The Council of Federated Organizations (COFO) launched a massive effort to register black voters during what becomes known as the Freedom Summer. The Congress of Racial Equality (CORE) began sending student volunteers on bus trips to test the implementation of new laws prohibiting segregation in interstate travel facilities. One of the first two groups of "Freedom Riders," as they are called, encountered its first problem two weeks later when a mob in Alabama sets the riders' bus on fire. The program continued and by the end of the summer, more than 1,000 volunteers, black and white, participated.
CORE also sent delegates to the Democratic National Convention as the Mississippi Freedom Democratic Party to protest - and attempt to unseat - the official all-white Mississippi contingent
Deputy Sheriff Price and Sheriff Rainey at hearing in 1964 after arraignment.
MARCH 9, 1965
Ceremonial Action within 48 hours, demonstrations in support of the marchers, were held in 80 cities and thousands of religious and lay leaders, including Dr. Martin Luther King, flew to Selma. He called for people across the country to join him. Hundreds responded to his call, shocked by what they had seen on television.
Congress passed the Voting Rights Act of 1965, making it easier for Southern blacks to register to vote. Literacy tests, poll taxes and other such requirements that were used to restrict black voting were made illegal.
SEPT. 24, 1965
Enforced affirmative action for the first time because he believed asserting civil rights laws were not enough to remedy discrimination. It required government contractors to "take affirmative action" toward prospective minority employees in all aspects of hiring and employment. This represented the first time "affirmative action" entered the federal contracting lexicon and sought to ensure equality of employment. (Presidential Executive Order 11375 extends this language to include women on October 13, 1968.)
JUNE 12, 1967
In Loving v. Virginia, the Supreme Court ruled that prohibiting interracial marriage was unconstitutional. Sixteen states that still banned interracial marriage at the time were forced to revise their laws.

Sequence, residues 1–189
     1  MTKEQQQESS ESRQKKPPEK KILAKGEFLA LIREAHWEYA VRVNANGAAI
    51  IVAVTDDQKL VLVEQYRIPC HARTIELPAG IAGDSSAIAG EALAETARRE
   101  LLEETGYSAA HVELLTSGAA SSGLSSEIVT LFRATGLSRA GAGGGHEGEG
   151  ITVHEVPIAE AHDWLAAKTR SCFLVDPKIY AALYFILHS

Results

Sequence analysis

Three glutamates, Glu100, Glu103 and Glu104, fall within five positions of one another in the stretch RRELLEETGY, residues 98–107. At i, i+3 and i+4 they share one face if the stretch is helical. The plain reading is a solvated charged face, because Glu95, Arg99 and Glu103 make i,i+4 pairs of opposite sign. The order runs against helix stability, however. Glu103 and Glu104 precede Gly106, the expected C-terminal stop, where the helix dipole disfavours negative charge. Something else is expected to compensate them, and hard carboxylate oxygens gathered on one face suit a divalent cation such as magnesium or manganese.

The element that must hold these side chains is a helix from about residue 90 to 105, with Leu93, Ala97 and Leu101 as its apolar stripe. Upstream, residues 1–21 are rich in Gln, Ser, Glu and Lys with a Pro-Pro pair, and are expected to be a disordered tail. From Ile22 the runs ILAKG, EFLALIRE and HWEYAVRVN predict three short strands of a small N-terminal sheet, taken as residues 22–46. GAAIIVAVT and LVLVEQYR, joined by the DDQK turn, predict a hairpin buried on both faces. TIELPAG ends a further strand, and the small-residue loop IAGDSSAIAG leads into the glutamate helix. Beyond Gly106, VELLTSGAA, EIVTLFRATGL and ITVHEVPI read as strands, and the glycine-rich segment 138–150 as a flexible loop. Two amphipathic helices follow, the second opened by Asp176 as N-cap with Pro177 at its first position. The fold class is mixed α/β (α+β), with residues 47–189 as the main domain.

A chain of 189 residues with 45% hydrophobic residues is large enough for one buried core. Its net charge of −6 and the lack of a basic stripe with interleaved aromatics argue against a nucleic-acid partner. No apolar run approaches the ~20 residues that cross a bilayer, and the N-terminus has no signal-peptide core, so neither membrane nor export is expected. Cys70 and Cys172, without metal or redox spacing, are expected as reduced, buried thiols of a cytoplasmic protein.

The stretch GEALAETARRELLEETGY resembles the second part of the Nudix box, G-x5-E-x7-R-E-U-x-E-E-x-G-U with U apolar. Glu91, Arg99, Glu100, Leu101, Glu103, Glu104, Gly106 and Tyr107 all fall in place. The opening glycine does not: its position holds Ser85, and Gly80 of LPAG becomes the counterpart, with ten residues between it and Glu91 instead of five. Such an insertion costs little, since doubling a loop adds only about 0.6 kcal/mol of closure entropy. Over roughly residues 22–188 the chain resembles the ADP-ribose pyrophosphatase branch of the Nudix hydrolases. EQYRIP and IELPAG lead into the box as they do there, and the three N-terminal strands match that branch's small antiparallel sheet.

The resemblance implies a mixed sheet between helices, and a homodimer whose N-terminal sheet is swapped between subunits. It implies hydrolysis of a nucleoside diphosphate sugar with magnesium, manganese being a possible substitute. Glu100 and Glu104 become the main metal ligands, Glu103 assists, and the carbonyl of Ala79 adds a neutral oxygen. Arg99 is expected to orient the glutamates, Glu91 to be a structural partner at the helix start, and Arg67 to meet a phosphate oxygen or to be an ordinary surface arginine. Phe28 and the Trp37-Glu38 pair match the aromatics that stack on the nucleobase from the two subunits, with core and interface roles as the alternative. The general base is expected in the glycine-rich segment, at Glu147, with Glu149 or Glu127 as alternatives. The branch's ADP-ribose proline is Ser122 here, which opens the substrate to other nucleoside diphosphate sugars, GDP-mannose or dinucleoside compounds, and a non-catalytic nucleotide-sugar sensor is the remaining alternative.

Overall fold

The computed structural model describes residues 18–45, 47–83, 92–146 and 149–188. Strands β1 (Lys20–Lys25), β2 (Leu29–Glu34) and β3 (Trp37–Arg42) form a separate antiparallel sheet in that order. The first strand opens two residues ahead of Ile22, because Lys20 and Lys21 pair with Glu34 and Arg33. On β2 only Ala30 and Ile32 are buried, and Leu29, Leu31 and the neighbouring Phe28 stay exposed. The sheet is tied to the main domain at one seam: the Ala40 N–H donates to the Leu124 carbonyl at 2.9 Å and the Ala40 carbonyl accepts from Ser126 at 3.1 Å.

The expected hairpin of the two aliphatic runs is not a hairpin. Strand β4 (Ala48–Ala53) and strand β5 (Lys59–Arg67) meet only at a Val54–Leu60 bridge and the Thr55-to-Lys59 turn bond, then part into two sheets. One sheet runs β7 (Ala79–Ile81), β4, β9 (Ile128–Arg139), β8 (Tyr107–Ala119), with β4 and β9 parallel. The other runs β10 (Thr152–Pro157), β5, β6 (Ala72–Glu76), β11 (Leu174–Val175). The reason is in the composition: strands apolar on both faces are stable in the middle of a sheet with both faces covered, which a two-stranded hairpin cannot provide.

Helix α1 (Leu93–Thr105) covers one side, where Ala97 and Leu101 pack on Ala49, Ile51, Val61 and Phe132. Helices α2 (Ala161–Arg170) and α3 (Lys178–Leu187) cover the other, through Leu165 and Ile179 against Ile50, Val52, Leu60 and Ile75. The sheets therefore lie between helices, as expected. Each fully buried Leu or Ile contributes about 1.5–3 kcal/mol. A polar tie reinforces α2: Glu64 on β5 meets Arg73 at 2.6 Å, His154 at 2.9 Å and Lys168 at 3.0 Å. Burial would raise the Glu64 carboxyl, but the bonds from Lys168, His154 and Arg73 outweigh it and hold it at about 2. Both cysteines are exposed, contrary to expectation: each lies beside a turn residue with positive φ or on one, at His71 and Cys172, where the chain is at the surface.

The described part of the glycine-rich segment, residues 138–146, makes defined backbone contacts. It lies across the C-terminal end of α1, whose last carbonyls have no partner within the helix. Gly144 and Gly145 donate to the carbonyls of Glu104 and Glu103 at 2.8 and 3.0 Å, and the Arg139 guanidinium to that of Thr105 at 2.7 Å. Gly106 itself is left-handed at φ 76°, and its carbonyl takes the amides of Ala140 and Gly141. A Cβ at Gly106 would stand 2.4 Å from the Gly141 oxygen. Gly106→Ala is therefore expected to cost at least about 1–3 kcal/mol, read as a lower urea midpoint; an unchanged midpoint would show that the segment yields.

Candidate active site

Senate confirmed President Lyndon Johnson's appointment of Thurgood Marshall as the first African American Justice of the U.S. Supreme Court after he served for two years as a Solicitor General of the United States.
Rev. Martin Luther King Jr., at age 39, was shot as he was standing on the balcony outside his hotel room at the Lorraine Motel in Memphis, Tenn. Escaped convict and committed racist James Earl Ray was convicted of the crime. The networks then broadcast President Johnson's statement in which he called for Americans to "reject the blind violence," yet cities were ignited from coast to coast.
APRIL 11, 1968
President Johnson signed the Civil Rights Act of 1968, prohibiting discrimination in the sale, rental and financing of housing.
President Nixon's "Philadelphia Order" presented "goals and timetables" for reaching equal employment opportunity in construction trades. It was extended in 1970 to non-construction federal contractors.
APRIL 20, 1971
The Supreme Court, in Swann v. Charlotte-Mecklenburg Board of Education upheld busing as a legitimate means for achieving integration of public schools. Although largely unwelcome (and sometimes violently opposed) in local school districts, court-ordered busing plans in cities such as Charlotte, Boston, and Denver continued until the late 1990s.